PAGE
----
An edition of: WaterAtlas.orgPresented By: Seminole County, USF Water Institute

Water-Related News

USF, Florida welcome new research vessel R/V W. T. Hogarth

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When Bill Hogarth was told the Florida Institute of Oceanography's new research vessel was going to be named after him, he had a pretty reasonable – and funny – reaction.

“I said, ‘Somebody knows something I don’t know!’ I think, it’s (the naming) usually after you’re dead, I said, ‘I’m retired but I didn’t know I was dying at the same time!’”

The former institute director and one-time dean of the USF College of Marine – who is not dying – was among the first passengers on the R/V W. T. Hogarth as the state-of-the-art, 78-foot-long ship recently moved into its home port at the University of South Florida St. Petersburg on a recent wet and windy afternoon.

"It’s very hard to put into words, but knowing how much the students use this vessel, how much research is done with this vessel, makes you awfully proud to see your name on it and to know what it will be used for," said Hogarth.

The new craft replaces the almost fifty-year-old Bellows, which is beginning to show its age – in addition to the ship’s sanitation system no longer working, there are concerns about its seaworthiness.

Florida Chamber calls for science-based solutions to water issues

OKEECHOBEE — “Sound water science – not political science – is the way to secure the state’s water future,” said Mark Wilson, president of the Florida Chamber.

“If you think about Florida’s future, more people are going to need more water,” he said.

“That means we need to focus on securing Florida’s water future.”

He said they don’t want Florida to end up with water shortages like California.

“Florida is adding 1,000 people a day,” he said. “We’re going to add six million more residents in Florida by 2030.

“By 2030 with population growth, we’re going to need 20 percent more water than we currently have available to us,” he said.

Last year the Florida chamber launched a series of educational videos about water issues. The first four videos focused on springs, Southwest Florida, the Florida Keys and the Indian River Lagoon.

“We reached out to a very diverse group of scientists, to people who care about protecting the environment,” he said.

On Nov. 8, at a press conference in Tallahassee that was broadcast live online, the Florida Chamber of Commerce unveiled its fifth in a series of water education videos which further demonstrates why following science-based research is important to securing Florida’s water future. The latest educational research video provides proof that septic tank problems are detrimentally impacting Florida’s water systems. The educational video highlights research produced by Florida Atlantic University–Harbor Branch Oceanographic Institute Research Professor Dr. Brian Lapointe, and sheds light on the algae blooms on the St. Lucie Estuary that followed unusually heavy rainfall in the winter and spring of 2016.

Seminole County Commissioner Lee Constantine visits Europe to study water issues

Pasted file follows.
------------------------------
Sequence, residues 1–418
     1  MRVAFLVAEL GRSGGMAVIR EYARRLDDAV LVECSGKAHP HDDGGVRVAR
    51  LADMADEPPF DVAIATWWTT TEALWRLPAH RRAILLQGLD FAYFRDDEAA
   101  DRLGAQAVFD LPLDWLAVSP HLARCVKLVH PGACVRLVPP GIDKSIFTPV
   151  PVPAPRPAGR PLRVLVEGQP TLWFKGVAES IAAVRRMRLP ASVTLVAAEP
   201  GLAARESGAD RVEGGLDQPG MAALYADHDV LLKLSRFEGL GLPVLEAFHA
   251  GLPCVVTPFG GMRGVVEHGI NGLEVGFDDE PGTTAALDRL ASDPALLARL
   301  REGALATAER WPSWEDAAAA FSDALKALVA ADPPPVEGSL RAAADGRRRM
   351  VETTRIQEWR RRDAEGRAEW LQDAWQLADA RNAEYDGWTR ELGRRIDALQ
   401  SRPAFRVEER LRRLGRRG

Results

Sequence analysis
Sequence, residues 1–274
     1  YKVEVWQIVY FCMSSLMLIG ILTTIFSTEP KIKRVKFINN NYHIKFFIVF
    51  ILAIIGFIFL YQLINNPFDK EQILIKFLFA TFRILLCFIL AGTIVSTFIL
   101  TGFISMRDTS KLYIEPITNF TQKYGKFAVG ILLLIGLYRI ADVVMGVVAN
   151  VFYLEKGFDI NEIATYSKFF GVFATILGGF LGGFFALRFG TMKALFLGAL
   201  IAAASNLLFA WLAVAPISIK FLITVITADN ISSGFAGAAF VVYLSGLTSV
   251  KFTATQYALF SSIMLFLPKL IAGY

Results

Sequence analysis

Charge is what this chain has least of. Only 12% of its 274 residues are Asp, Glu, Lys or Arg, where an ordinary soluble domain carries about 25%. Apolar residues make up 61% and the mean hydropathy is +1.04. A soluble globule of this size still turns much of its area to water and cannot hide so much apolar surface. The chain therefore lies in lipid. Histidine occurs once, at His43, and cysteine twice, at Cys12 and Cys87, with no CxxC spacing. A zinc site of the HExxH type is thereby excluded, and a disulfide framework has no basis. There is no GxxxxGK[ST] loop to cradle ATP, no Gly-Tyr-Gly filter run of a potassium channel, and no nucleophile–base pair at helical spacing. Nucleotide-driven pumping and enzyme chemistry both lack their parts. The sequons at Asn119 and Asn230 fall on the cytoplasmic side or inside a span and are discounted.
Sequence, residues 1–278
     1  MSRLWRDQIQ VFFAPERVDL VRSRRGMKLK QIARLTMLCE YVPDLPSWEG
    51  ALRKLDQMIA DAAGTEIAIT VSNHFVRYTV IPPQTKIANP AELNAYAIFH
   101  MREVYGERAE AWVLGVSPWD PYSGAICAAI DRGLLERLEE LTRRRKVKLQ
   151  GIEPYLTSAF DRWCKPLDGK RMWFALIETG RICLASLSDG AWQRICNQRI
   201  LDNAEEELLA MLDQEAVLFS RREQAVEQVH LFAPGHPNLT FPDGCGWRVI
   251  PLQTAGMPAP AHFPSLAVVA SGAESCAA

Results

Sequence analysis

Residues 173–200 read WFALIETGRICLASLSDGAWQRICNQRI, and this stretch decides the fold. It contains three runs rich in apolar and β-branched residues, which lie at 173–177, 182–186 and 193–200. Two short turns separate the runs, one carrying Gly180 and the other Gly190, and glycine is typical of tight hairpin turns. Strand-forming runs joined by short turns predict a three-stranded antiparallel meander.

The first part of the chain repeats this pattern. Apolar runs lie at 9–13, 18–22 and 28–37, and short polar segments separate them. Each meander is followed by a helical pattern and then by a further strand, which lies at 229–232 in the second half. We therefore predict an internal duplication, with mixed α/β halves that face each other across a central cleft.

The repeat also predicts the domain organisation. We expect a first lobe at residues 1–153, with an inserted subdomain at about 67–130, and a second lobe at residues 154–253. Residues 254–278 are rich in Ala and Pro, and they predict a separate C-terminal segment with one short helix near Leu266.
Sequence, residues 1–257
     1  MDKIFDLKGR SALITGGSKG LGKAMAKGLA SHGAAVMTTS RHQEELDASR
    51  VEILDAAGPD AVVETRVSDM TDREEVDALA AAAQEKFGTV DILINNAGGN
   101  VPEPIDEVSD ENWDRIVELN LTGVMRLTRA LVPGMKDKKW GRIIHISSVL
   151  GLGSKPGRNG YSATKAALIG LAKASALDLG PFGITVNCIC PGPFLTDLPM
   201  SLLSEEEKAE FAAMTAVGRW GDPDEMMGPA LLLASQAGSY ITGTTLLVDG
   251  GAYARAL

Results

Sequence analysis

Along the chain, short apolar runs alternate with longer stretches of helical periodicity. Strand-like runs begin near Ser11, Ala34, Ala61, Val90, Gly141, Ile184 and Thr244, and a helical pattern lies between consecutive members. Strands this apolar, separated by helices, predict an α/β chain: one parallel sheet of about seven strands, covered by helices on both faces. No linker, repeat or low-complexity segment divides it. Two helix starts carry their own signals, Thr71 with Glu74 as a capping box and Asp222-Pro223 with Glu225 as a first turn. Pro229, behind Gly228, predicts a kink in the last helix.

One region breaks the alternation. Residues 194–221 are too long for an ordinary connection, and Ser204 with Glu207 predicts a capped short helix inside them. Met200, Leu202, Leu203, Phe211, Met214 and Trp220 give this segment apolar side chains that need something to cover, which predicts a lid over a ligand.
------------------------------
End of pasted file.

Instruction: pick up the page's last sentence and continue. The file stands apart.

Seminole County Commissioner Lee Constantine stood on a beach in the Netherlands facing the North Sea last week and watched as people walked along the sand.

It was only three years ago that the beach near Amsterdam was under sea water because of unrelenting beach erosion. But thanks to a massive restoration effort, the beach is now an area where families relax, swim and fly kites.

Beach restoration was one of the topics covered at a seven-day water-management conference hosted by the European Union that Constantine attended last week in three European countries.

“We’re pouring sand onto our beaches and then losing them again,” he said. “But they’re doing things differently that will literally restore and maintain those beaches.”

He thought about Florida’s coastlines, where recent hurricanes have eroded much of Volusia and Brevard counties’ beaches. Hurricane Matthew in 2016, for example, washed out nearly 2 million cubic feet of sand in those two counties and took out a chunk of State Road A1A in Ormond-By-The-Sea.

Constantine was the only Florida representative among a dozen water policy experts from around the U.S. invited on the trip, funded by the EU. The group visited Brussels and Antwerp in Belgium, Rotterdam and Amsterdam in the Netherlands and Helsinki, Finland, to exchange ideas and study EU policies regarding flooding, wastewater management, potable water and renewable energy.

Florida bill could require sea-level-rise studies for publicly funded buildings

As sea levels continue to rise, Florida has taken a licking for its bad habit of climate-ignorant development.

But despite warnings from the state's most brilliant and respected scientists, Gov. Rick Scott has more or less disregarded the issue, infamously banning the Department of Environmental Protection from using the term "climate change" in 2015. And though national publications such as Scientific American have taken developers to task for their reluctance to stop building along the coast, state law does little to discourage the practice.

State Sen. José Javier Rodríguez wants to change that. Last week, he filed a bill that would require contractors to conduct what's called a sea-level impact projection study on state-funded buildings near the coastline. Before the first shovel hits the ground, builders would have to publish the results — even if they show the building could be underwater in a few years.